Written by Jekonia Tarigan
Across Indonesia’s rich cultural landscape are many unique funeral ceremonies. One of the most famous ones is from Sulawesi, namely Rambu Solo’ that is performed by the Torajan people in Toraja (or Tana Toraja). Rambu Solo’ is a traditional funeral ceremony which aims to respect the spirits as they return to immortality among the ancestors. In addition to Tana Toraja, other areas in Sulawesi such as Mamasa also have rich traditions of funeral ceremonies. This topic was the focus of the Kamisan Daring Forum on June 2022. This forum was organized by the Indonesian Consortium for Religious Studies (ICRS), the Center for Religious and Cross-cultural Studies (CRCS), the Center for Religious and Democratic Studies (PUSAD) Paramadina, the Satunama Foundation, Institute of Sciences Indonesia (LIPI), and several other organizations.
The title for the forum was ‘Respecting the Celebration of Death: Fruits of the Hand of Mamasa and Toraja’. The first speaker was David Demmanasa, from the Rambu Saratu Mamasa Indigenous Community, West Sulawesi. The second speaker was Rivi Handayani, a Toraja culture researcher.
In his presentation, Demmanasa explained that for the Mamasa indigenous people, death is a very sacred event. For or the Mamasa, death is the process of moving from life in this world to a new world in the afterlife. Therefore, to start a new life, various preparations and ceremonies are needed to bring the dead person to the next realm. In the Mamasa cultural tradition, people who have died are believed to be able to communicate with the living and the dead are also believed to be able to influence the lives of those who are still alive by praying and sending blessings. Due to the sacredness of death for the Mamasa people, as a form of mourning and affection for the deceased, a funeral ceremony is held that should be as festive as a party. In the life of the Mamasa, this is called a death party, but perhaps the term death party is seen as strange and unique to the outside community.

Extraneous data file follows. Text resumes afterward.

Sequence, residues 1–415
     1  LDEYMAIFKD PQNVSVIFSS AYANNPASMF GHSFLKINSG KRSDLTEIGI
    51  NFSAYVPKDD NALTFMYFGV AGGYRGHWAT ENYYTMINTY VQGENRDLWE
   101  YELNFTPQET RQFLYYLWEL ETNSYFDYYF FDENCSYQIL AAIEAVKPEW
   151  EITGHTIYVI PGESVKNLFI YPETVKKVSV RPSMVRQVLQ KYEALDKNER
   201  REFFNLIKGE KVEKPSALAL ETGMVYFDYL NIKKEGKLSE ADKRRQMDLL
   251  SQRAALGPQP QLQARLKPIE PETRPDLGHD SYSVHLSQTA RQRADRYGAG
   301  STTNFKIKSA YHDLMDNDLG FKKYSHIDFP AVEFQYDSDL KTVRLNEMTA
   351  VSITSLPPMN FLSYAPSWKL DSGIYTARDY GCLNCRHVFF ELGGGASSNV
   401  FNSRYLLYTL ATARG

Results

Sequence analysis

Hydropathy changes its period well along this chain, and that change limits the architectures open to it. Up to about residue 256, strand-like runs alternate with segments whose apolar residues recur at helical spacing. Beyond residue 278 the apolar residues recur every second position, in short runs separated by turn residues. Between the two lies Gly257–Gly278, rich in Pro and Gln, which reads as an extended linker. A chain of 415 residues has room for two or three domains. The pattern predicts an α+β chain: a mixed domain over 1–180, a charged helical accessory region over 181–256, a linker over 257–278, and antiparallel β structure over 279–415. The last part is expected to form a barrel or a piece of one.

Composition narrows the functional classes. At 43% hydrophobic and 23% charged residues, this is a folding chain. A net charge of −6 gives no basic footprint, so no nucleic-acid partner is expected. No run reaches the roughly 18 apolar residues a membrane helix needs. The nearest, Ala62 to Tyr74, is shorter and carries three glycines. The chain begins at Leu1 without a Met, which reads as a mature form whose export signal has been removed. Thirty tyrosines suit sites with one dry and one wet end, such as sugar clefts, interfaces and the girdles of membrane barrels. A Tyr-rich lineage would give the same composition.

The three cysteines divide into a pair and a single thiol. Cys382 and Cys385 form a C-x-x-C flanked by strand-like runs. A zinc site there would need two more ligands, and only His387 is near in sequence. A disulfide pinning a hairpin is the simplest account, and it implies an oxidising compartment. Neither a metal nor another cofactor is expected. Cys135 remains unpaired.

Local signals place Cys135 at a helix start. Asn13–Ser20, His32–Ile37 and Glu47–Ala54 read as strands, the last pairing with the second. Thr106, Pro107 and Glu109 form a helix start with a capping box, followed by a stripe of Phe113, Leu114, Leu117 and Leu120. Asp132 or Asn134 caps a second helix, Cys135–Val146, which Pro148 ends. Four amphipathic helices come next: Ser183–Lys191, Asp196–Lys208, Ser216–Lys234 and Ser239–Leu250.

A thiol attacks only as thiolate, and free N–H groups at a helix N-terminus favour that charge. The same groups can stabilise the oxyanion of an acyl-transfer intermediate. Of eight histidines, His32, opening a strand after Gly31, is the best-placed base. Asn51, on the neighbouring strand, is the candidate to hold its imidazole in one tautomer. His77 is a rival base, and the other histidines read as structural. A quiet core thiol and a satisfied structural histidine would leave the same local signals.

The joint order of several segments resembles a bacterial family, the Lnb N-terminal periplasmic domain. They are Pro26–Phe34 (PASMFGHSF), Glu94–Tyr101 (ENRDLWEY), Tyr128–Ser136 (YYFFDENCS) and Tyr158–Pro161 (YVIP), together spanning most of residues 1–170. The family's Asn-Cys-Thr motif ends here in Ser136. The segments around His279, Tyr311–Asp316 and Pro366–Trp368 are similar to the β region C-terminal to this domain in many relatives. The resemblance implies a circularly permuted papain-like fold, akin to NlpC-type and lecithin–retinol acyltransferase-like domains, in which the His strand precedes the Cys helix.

Demmanasa shared that the form of implementation of the death party is highly dependent on the social and economic strata of the deceased and their families. Often, there are corpses left unburied for days, weeks, months, or even years. This relates to the large cost of the feast and the main sacrifices in the form of buffalo and pigs. The lowest level that sacrifices only pigs is called disalubai. The next level is called dipaktentenan (slaughtering a buffalo, several pigs, and in the ceremony using drumbeats). The third level is dibalado, which is a feast for death by slaughtering two to five buffalo. The feast of death that slaughters six to eleven buffaloes is called diruran. The highest level of this death feast, allun, is that which sacrifices a minimum of 12 buffalo and hundreds of pigs with funeral rites lasting for years with various complicated ceremonies.
Demmanasa also explained that in the tradition of the death party, other aspects such as clothing are also regulated. Whenever there is mourning or death, the entire family and mourners must dress in black as a sign of mourning. Those with high social strata can also use red ornaments as a marker of higher social strata (nobles). For the nobles for whom buffalo are sacrificed, there will also be a buffalo that is striped in color, referred to as Tedong Matanda. Demmanasa also elaborated that the shape of the coffin of each person who died also differed according to their social and economic status, some in the form of an ordinary coffin, some in the form of a miniature Mamasa traditional house. Regarding the slaughtering and distribution of the animal flesh, there are certain rules of meaning. First, in Mamasa’s ancestral beliefs, slaughtered animals are brought to the underworld, along with all their clothes and valuables. Second, meat is also distributed to strengthen the bonds of brotherhood. Third, there is a portion of meat that is intended for the public, however small it may be, but must be evenly distributed to all villagers. Fourth, there is the meaning of appreciation, because there is a meat section for traditional community leaders, religious leaders, government, and so on.